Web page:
NOTE: Depending on the MRI system design, perfusion lines may need to be passed through the magnet bore and gradient coils or probe body base prior to priming the system with aCSF. Confirm that perfusion line placement will not interfere with the assembly of the probe body or insertion of the probe into the bore before beginning the priming procedure.
- Confirm the intended flow rate (2 mL/min) is selected and begin filling the perfusion lines by switching on the pump.
- Invert the empty, in-line bubble trap so that aCSF will displace the air contained inside.
- Connect the oxygenator's gas port to a second source of carbogen (either a manifold or a secondary carbogen cylinder) and set a flow rate of 1/16L/min.
- Confirm that carbogen is flowing over the oxygenator's gas-exchange membrane by dipping the exhaust port on top of the oxygenator into water.
- Once aCSF is detected dripping from the perfusion chamber, purge any visible gas bubbles from the inflow lines by manual agitation.
- Confirm the oxygenator is operating correctly by submerging the oxygen electrode in the aCSF flowing from the perfusion chamber.
NOTE: The reading on the oxygen meter should approximate the percentage of oxygen contained within the supplied gas.
3. Tissue Preparation
- Place a rat (125 - 150 g) into the induction chamber of an anesthesia machine and expose to 4% isoflurane in an oxygen carrier gas at a rate of 1 L/min for 4 min.
- Remove the unconscious rat from the anesthesia chamber.
- Perform a righting reflex test by placing the rat in the supine position. Check for any movements—head turning, leg lifting, spine flexing, etc.—indicative that the animal is turning onto its stomach.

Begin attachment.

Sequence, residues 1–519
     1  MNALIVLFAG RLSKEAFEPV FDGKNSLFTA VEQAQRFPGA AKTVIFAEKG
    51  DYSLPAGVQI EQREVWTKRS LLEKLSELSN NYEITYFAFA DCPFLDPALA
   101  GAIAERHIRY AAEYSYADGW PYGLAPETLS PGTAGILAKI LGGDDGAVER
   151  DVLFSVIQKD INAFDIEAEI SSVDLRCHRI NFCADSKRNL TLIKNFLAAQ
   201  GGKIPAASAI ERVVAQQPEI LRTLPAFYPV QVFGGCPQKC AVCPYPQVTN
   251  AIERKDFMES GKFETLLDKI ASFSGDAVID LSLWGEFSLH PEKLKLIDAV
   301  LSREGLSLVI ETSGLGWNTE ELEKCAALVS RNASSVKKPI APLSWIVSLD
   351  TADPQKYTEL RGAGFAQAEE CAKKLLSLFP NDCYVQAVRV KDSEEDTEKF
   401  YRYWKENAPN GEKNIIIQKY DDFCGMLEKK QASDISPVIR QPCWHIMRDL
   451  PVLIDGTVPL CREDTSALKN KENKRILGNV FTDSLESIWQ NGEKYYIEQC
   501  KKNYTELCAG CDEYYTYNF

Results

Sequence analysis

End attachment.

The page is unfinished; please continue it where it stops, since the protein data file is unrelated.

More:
- Perform an eye-blink reflexive test by touching the open eye of the animal using a cotton swab. Check for any response—lid closure, muscle twitching, etc.—to this sensory input.
- Lastly, perform a limb-withdraw reflex test by pinching the skin between the toes of the rat's outstretched back leg using tweezers or hemostats. Check for flexion of the leg.
NOTE: In the case of a positive reflexive test result, do not proceed with euthanasia.
- In the event that any of the three reflex tests elicits a response, return the rat immediately to the anesthesia chamber and allow for an additional 2 min of exposure to 4% isoflurane.
- Perform all three reflexive tests over in their entirety. Repeat the 2 min anesthesia exposure as necessary and only proceed once a complete lack of response to all three reflexive tests has been observed.
- Euthanize the rat via guillotine decapitation.
- Brain resection
- Remove rat brain by gross dissection. Start with the head in the prone position. Using scissors, cut rostrally through the skin from the back of the neck to the nose and expose the skull.
- Remove soft tissues from the surface of the skull with a blunt probe.
- Working from the caudal end, remove the occipital, parietal, and frontal bones of the cranium using rongeurs.
- Retract the dura by cutting along the longitudinal fissure with micro scissors and peeling back the layer from both hemispheres.
- Remove the brain from the skull by turning the head to the supine position and severing the cranial nerves on the ventral side.